-Jewellers' Alloys
The following are summarized from Fesquet :- Algiers metal: (a) 90 tin, 10 antimony; (6) 94.5 tin, 5 copper, 0*5 antimony, a is used for spoons and forks, b for small hand-bells. Argentin: 85.5 tin,...
-Manganese Alloys
Mangane-sian iron is mixed with copper, melted in a reverberatory furnace, and run into pigs. An alloy capable of being rolled is made by melting this together with zinc and copper. For a bronze capab...
-Manganese Alloys. Part 2
In making castings, dry sand or loam moulds well coated with charcoal blacking are preferable to green sand moulds; the metal should be well skimmed before pouring, and it should be cast at as low a h...
-Manganese Alloys. Part 3
Of far greater importance are the manganese tin and zinc bronzes, which were perhaps among the first upon which experiments were made on a large scale. They were obtained by adding to an alloy of c...
-Muntz's Metal
An alloy of copper and zinc For rolling into sheets, the best proportions are 60 parts copper to 40 zinc; but for other purposes its composition is variable. It was patented in 1832 by Muntz of Birmin...
-Pewter
Pewter is an alloy of lead and tin, containing sometimes copper, zinc, or antimony. There are three distinct kinds of English-made pewter, viz. (1) Plate pewter, used for dishes and plates, an alloy u...
-Phosphor Alloys
For the preparation of phosphorus compounds of metals, for example, phosphor-copper, Dr. Schwarz gives the following directions:-A mixture of bone-ash, silica, and carbon is placed in a crucible, and ...
-Solders
Alloys employed for joining metals together are termed solders, and they are commonly divided into two classes: hard and soft solders. The former fuse only at a red heat, but soft solders fuse at co...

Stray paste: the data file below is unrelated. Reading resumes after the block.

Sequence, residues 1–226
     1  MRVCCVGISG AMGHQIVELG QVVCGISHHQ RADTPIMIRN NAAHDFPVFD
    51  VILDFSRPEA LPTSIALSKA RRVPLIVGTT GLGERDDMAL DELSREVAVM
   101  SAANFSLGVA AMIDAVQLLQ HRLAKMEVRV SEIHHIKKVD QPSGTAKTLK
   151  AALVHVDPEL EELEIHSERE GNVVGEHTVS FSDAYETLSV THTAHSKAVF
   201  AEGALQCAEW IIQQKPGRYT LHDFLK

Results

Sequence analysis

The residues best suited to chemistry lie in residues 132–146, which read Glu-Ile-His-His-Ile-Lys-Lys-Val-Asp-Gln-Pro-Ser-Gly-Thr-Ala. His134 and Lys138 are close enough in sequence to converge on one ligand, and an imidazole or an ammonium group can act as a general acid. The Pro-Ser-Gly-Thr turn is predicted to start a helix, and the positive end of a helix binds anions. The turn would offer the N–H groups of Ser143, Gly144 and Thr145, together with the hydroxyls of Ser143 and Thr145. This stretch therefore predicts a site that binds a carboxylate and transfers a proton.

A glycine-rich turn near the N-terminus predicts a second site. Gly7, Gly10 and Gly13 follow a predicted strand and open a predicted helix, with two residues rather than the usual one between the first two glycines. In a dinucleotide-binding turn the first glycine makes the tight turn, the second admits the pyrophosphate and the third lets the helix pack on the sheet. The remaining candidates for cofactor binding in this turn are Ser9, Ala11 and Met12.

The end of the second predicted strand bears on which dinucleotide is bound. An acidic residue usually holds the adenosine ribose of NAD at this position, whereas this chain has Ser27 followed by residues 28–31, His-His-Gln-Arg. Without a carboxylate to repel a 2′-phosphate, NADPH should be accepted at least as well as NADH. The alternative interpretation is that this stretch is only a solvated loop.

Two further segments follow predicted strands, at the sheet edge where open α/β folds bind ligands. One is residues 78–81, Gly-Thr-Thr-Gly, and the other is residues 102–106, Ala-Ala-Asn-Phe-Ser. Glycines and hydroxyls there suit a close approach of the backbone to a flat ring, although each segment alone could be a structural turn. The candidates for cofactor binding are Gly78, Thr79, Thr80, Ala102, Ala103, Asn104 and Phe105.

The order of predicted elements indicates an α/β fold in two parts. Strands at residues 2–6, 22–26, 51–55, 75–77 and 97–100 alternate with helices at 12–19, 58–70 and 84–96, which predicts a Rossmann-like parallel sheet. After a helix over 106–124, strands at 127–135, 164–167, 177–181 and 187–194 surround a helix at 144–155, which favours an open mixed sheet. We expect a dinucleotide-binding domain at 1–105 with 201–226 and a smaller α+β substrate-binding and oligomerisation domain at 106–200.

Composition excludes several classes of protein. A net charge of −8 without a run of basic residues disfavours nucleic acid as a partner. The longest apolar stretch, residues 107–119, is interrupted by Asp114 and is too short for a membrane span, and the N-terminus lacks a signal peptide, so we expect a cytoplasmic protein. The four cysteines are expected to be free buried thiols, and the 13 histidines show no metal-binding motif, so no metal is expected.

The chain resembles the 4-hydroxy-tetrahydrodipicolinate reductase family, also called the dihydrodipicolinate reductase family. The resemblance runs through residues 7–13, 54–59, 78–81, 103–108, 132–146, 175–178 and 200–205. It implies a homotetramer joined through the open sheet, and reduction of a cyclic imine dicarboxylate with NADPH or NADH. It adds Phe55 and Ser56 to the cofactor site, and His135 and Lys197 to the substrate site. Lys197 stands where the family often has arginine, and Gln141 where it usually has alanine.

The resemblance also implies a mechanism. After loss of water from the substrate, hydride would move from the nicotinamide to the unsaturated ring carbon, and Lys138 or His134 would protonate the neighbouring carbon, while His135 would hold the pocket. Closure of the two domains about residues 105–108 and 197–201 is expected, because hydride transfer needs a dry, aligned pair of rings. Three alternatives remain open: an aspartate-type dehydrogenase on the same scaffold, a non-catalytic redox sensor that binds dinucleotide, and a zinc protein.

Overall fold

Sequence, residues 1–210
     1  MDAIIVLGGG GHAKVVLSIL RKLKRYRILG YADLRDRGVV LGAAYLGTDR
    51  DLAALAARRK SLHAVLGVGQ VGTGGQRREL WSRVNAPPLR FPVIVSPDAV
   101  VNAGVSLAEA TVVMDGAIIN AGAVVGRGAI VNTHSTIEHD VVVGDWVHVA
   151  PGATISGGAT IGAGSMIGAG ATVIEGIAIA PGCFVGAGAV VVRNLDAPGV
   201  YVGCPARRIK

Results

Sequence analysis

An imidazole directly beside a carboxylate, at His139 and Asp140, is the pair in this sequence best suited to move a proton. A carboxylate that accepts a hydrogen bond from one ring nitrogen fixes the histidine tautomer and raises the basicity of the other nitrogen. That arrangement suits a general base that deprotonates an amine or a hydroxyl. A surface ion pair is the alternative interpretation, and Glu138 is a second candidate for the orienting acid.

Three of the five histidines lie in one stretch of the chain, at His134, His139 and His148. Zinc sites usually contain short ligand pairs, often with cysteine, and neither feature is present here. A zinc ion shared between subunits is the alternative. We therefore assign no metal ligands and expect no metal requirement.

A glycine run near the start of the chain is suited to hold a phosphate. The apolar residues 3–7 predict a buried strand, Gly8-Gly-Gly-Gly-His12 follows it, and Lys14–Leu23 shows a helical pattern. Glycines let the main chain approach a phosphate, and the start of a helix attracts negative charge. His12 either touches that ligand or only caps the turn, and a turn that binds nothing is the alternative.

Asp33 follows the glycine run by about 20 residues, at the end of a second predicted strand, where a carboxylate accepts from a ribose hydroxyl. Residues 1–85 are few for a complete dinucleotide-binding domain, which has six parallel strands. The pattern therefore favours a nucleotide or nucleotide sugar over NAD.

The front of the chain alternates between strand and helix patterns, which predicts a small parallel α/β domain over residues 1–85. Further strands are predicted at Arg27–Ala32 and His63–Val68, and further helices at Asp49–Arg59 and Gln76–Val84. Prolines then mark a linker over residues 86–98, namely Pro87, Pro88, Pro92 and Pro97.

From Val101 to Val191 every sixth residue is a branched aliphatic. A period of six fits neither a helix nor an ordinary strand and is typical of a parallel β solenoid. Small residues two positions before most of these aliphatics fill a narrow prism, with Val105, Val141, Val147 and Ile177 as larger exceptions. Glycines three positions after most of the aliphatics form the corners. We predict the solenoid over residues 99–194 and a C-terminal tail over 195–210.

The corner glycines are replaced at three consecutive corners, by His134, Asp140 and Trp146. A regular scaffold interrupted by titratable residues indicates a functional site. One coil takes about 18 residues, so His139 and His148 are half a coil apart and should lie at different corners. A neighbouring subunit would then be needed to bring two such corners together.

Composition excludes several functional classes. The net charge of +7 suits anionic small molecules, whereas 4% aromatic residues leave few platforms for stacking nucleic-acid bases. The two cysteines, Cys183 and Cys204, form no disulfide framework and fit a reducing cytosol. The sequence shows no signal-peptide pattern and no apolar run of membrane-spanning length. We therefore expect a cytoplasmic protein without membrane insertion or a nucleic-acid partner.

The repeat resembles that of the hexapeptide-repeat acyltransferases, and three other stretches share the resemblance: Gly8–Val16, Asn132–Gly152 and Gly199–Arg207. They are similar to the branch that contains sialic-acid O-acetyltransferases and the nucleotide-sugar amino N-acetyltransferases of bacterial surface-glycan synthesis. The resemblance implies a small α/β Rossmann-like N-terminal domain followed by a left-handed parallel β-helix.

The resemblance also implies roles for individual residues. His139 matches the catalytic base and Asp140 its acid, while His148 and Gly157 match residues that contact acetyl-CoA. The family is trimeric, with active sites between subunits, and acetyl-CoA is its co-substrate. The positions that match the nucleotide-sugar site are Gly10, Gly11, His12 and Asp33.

-Specular Alloys
These are employed fur making metallic reflectors, requiring a true white colour, good lustre, and a hard, clean surface not easily tarnished or scratched. Fesquet gives a number of combinations, as f...
-Tungsten Bronzes
In the arts, tungsten bronzes of different colours are used, namely, golden-yellow, reddish-yellow, purple-red, and blue. The first two crystallize in forms resembling cubes, while the third is obtain...
-Type-Metal
This alloy, used for printers' type, is often composed of 6 parts lead, and 2 antimony. It is of a blackish-grey colour, and is softer than tin and copper, but a little harder than lead. Several of th...
-Miscellaneous Alloys
The following is a table of the proportions of the various metals in the alloys most commonly employed in the arts and manufactures. The term parts means parts by weight. The abbreviations are: Cu, ...
-Miscellaneous Alloys. Part 2
The name of kara-have is given to a sort of bell-metal, consisting of copper, zinc, tin, and lead, and having some resemblance to alloys c and d. Maumene furnishes analyses of Japanese bronzes sent h...
-Miscellaneous Alloys. Part 3
Pieces of this very difficult sort of workmanship are produced by overlaying and soldering together a certain number of plates of the said metals or alloys, by hammering, kneading, resoldering, fillin...
-Miscellaneous Alloys. Part 4
White Alloy This compound can be turned, filed, and bored; does not adhere to the mould, and will retain its polish a long time after exposure to the air. Contains 10 cast-iron, 10 copper, 80 zinc. ...
-Anti-Friction Alloys
When the so-called anti-friction alloys, or white metals, were introduced, reports as to their value soon made their appearance, and one of the most important was that of Nozo, the engineer of t...
-Bismuth Bronze
A new metallic alloy, which the inventor calls bismuth bronze, has been recently introduced by James Webster, of Solihull, as specially suitable for use in sea-water, for telegraph and music wires, an...
-Aluminium
This metal possesses properties which render it one of the most useful yet discovered, and the only bar to its greater employment has hitherto been its high price. There is an immediate prospect of th...
-Antimony
Metallic antimony rarely occurs native and as an ingredient in the sulphides of other metals. Its chief commercial source is antimony sulphide (grey antimony), containing 74 Per cent. antimony and 26 ...
-Barium